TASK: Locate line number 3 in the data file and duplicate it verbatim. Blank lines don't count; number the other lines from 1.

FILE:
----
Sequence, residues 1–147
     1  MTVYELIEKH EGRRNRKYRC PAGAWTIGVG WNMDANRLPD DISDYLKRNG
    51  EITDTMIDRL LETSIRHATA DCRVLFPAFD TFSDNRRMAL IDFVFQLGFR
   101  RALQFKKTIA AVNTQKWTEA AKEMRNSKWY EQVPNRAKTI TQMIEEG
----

    51  EITDTMIDRL LETSIRHATA DCRVLFPAFD TFSDNRRMAL IDFVFQLGFR